Figure 2 shows the optical transmission spectrum of the synthesized ITO film. Optical transmittance changes significantly by increasing annealing temperature and reaches a maximum transmission for ITO films thermally treated at 550 °C, in agreement to what has been reported.22 The optical absorption spectrum (Figure 2, inset) gives an estimated value for the ITO film band gap when an abrupt change in the slope of the absorbance curve is observed23. The associated band gap energy of 3.9 eV characterizes the semiconductor properties of the material.

 

Figure 2. Transmission spectrum of the synthesized ITO film. Inset: Absorption spectrum of the same film.

 

Figure 3 shows the XRD spectrum of the ITO film deposited onto glass substrate (for comparison, the results of In2O3 powders are also shown). XRD diffractograms revealed that ITO films become polycrystalline when deposited at higher substrate temperature and crystallize in a cubic bixbyite structure (In2O3)24,25. The peaks observed for 2θ angle associated to the planes (222) and (400) may be observed. The preferential growth of the ITO films is the (222) plane and this orientation should be dependent on the deposition conditions25.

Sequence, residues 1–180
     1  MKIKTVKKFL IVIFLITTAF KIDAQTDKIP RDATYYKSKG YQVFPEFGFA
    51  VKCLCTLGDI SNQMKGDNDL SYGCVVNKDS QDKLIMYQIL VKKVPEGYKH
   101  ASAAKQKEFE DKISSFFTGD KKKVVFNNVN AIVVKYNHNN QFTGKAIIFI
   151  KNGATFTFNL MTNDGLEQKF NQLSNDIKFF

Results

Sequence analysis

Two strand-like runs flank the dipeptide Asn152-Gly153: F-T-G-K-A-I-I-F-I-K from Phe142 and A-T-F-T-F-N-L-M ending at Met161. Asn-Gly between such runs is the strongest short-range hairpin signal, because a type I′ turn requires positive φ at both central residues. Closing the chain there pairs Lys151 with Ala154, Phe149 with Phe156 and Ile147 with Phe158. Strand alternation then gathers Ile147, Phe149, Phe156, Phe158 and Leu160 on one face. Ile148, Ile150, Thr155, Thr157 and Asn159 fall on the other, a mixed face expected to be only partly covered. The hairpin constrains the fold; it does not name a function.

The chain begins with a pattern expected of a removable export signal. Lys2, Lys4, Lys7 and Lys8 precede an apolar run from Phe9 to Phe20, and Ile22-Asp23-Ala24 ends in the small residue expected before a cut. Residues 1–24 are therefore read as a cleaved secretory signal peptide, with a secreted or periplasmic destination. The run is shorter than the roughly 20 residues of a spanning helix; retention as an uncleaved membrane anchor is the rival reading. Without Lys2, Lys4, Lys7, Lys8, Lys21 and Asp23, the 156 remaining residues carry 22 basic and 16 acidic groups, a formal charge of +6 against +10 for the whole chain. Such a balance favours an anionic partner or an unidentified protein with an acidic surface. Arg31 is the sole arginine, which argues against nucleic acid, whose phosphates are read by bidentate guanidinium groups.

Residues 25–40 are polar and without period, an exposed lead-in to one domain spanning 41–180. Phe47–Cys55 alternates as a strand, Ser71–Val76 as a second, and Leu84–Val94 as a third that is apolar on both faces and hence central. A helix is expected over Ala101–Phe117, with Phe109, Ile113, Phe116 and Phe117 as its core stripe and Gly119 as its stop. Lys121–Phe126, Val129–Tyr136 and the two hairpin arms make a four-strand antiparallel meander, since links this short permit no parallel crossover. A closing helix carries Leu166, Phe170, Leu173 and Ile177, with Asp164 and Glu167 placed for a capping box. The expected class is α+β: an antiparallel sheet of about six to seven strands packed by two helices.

Figure 3. X-ray diffraction of ITO film deposited onto glass substrate. The peaks of the In2O3 powders are shown for reference.

 

Surface morphology of the ITO films deposited onto glass substrates was examined by SEM as shown in Figure 4. After annealing at 550 °C, films with a rough polycrystalline formation with grains and any voids of about 1 µm in diameter were obtained. This represents a large grain misalignment, which is a very crucial requirement in thin film for electronic devices involving oxide materials.

 

Figure 4. SEM image of the synthesized ITO film.